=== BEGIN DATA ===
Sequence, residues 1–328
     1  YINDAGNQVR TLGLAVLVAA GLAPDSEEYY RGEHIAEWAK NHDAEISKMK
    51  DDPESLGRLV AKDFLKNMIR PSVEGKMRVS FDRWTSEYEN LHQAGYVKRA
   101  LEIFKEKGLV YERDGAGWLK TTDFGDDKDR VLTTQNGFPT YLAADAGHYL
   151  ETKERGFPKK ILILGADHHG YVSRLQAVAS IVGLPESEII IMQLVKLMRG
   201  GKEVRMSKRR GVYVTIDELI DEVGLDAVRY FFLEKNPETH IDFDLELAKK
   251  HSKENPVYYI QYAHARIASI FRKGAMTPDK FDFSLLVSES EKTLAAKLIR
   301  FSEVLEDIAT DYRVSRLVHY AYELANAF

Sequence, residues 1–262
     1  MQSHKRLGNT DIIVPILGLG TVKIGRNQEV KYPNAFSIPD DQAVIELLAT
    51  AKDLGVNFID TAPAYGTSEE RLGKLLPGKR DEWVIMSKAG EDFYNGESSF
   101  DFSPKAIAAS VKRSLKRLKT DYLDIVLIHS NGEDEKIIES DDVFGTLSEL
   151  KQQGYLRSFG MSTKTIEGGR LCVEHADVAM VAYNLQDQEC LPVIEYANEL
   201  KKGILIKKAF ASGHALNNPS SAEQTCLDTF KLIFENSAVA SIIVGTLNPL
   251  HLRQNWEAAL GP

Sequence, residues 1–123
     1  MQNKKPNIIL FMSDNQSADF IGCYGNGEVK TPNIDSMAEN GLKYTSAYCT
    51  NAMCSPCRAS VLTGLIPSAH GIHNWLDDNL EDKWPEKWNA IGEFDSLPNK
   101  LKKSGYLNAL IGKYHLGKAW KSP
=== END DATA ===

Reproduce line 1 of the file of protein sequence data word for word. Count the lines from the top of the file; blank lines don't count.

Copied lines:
Sequence, residues 1–328